Who the hell does Brian May think he is?
The Queen guitarist doubted reports that foxes attacked twin babies, reacted angrily to his critics, and now threatens to quit the UK unless we can all behave
He is rock royalty, though his Queen days are behind him. He is worth an estimated £70m and he shares a suitably splendid home (and, let this be true, hair curlers) with his second wife, the actress Anita Dobson, in a grassy part of Surrey where summer fêtes, village greens and horticultural shows are a way of life. He has a PhD in astrophysics and more than a passing interest in Victorian stereoscopic photography. But how does Brian May, 62, choose to pass his time, these days? By shooting his mouth off before he is in full possession of the facts, that's how.
It is, of course, one of the hazards of new media that we can all tweet and status-update faster than we can say: "Hmmm, maybe I should think this through." But May had time to consider his latest outburst. Nine-month-old twins Lola and Isabella Koupparis were attacked by a fox at their Hackney home at 10pm on Saturday 5 June. May held off until the Monday to post the following on his "Save Me" Facebook page dedicated to all things cute and cuddly. "Fox attacks babies?" he wrote under the heading "Brian's Soapbox". "Sure! And monkeys will fly... out of my butt. Ha ha. And I suppose there is proof?!!!"
Erm, try bite marks and the fact that one of the twins has bruising consistent with the mother's story that the fox had tried to pull the baby out of her cot through the bars. Oh, and the photograph that one of the first police officers to arrive at the scene took on his mobile phone of a fox at the family's patio doors.
The Sun was quick to point out that May "appeared to accuse the devastated Koupparis family of lying", but child protection is not May's thing. The protection of animals is. And he is starting to give it the kind of attention he used to reserve for the guitar solo in "We Will Rock You".
He quickly followed up that first post not with an apology, but with an entry entitled "HEAVY HEART" that, while it did concede that "our hearts go out to the two little children", soon found its real cause for concern: "Our country," he wrote – or "ranted" as the red-top press would have it – "is now run by a set of animal-hating people, already straining at the leash, slavering with a lust to kill and cause pain to animals. And now this. One very questionable case ... no proof, no trial. And suddenly half of the country is after blood."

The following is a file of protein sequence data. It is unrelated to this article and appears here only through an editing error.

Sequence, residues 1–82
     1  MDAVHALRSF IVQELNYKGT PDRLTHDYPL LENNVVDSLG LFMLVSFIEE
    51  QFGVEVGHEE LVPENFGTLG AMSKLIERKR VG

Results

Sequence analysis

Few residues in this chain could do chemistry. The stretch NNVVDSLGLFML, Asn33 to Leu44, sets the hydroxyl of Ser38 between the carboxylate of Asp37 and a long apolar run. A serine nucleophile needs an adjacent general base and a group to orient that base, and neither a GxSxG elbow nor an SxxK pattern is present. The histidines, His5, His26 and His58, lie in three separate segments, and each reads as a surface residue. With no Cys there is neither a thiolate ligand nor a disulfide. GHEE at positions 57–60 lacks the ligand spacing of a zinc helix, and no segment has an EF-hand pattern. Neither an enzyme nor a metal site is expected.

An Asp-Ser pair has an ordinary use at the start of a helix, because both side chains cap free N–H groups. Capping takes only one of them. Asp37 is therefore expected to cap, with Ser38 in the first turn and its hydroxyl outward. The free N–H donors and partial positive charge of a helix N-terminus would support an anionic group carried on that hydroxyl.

Because May's increasingly monomaniacal behaviour is centred around the belief that the new government is actually nothing more than a front for the Countryside Alliance and is capitalising on this story to repeal the anti-hunting law as a matter of some urgency.
That the Lib-Con coalition seems to have more pressing matters on its hands does not fool May. In fact, in the run-up to the general election, he was running a campaign that he called "Bollocks to the Economy" wherein he got a selection of his showbiz pals – Francis Rossi of Status Quo, the astronomer Sir Patrick Moore, the Black Sabbath guitarist Tony Iommi and, er, a Nolan sister – to turn to camera and say the word "bollocks".
May had already had a run-in or two before the election, not least with David Parsons, leader of Leicestershire County Council, who, in a letter to the Leicester Mercury newspaper had written that "people in rural communities are not going to take lectures from a cosseted London rock star". May, and this will surprise no one, was quick to reply. "I live in the country too, you ignorant man. I know exactly what I am talking about." And, in case Parsons should think he was getting personal, May added: "You are a disgrace to your office. Countryside tradition, my arse. If you ever come within sniffing distance of me I'll have your guts for garters, you pathetic, arrogant, jumped-up, snivelling little dweeb."
Such people skills were little in evidence in May's glory days. Back then there was Freddie Mercury to steal the limelight. In his absence, May has occasionally felt the need to dust off the hits and take to the road with the blues singer Paul Rodgers on vocals. Such occasions really give May the chance to shine. In 2008, he opened a show at the temporary Wembley Arena Pavilion with the following: "We all deeply apologise for this godforsaken shit heap of a building ... but we are going to make it rock!"
And rock they no doubt did. Though such opportunities may soon be in short supply. Because in a post on Save Me a couple of days ago, May appeared to have had enough, reflecting on the aftermath of the fox attacks as an "appalling climate of fear and lies and propaganda and cruelty and insanity". Later, as he got into his slightly scary stride, he asked: "Where is God? How come the bad guys, the cruel guys, are now getting all the breaks? For God's sake, we are now ruled by them. I am seriously beginning to wonder at times if I can go on living in this country."
To which the response could possibly be: "Bri, animals are lovely and all, and most of this country loves them disproportionately, as you do. But if you feel this is worth leaving the country over, don't let anyone stop you now."
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